"Yes, and don't come back here until you've become a real man!" Uncle Tom finished before releasing Xantos and downing his glass.

Xantos held the ferret-shaped Zoni in his arms and stepped backwards. Suddenly he felt hands on his shoulders and he looked up behind him to see his mother.

"I think it's time for bed, honey."


Xantos sat awake in bed for a long time, Zoni curled next to him, still as a ferret. He listened to the slow, even breathing of the brothers and cousins he shared a room with, reflecting upon the words of his uncle.

Then, he made a decision. He sat up and pulled on his clothes.

Zoni woke up, and, not wanting to disturb the sleeping brothers and cousins, thought to Xantos, "What are you doing?"

"Packing," Xantos thought back, reaching under his bed and pulling out a wooden fishing rod that had no line on it.

"Packing?" Zoni asked, crawling down from the bed.

"Yep," Xantos replied mentally. He had pulled out an old blue blanket and was putting a few possessions in it. He tied the blanket to the pole and slung it over his shoulder before creeping downstairs to the kitchen. He grabbed a piece of paper and scrawled a note:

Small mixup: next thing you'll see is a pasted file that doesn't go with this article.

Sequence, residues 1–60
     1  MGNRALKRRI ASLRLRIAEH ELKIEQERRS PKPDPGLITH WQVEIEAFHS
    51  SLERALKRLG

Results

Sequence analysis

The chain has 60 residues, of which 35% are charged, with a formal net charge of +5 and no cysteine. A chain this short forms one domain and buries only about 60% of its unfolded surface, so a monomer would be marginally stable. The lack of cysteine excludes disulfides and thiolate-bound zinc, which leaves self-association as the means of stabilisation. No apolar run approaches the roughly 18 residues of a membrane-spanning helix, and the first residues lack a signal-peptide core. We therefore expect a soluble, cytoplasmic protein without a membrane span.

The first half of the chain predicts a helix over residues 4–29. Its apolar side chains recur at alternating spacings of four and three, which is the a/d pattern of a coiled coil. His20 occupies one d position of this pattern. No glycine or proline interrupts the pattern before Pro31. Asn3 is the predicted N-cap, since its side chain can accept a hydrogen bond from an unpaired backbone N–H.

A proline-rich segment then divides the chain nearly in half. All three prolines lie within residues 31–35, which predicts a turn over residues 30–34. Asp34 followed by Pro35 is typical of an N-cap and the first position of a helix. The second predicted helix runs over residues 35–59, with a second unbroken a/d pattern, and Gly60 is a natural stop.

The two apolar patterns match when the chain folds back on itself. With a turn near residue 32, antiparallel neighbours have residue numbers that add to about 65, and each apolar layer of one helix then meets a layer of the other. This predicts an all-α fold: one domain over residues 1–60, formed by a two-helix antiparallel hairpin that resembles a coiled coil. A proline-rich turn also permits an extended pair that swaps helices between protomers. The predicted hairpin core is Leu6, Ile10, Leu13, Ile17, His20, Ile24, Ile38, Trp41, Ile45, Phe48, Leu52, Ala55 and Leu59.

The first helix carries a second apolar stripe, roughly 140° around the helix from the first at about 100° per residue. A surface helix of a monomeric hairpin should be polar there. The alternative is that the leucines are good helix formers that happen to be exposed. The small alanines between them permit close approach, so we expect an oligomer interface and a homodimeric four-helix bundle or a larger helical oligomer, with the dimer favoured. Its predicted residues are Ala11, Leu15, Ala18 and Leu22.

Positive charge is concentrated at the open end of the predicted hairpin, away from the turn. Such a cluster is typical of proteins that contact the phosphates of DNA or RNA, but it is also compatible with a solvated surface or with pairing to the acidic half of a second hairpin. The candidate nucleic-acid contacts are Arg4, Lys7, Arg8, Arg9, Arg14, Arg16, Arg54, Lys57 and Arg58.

Dear Mom, Dad, Sally, Andrew, Bobby, Dante, Wilbur, Wallace, Joe, second cousin Quincy, Aunt Leta, Uncle Joe, second cousin Drew, Great Aunt Gertrude, Leanord, Mary Ann, Billy, cousin Lizabetha, Auntie Eliza, Uncle --

He scribbled furiously. Then, he restarted with:


I am off to go into the real world and make something of myself. Won't return until I'm a real man.



And so it came to pass that Xantos left the house and went into the real world to make something of himself (and he wasn't going to return until he was a real man).

As he walked into the woods, he felt excitement run through him. He was leaving the shelter of his home: the noise, the bustle, and the closeness. He was on his own, free to do as he pleased.


Indeed he was on his own and free to do as he pleased.

He was also hungry.

It had been two days since he had left home, but it had only taken him hours to get hopelessly lost.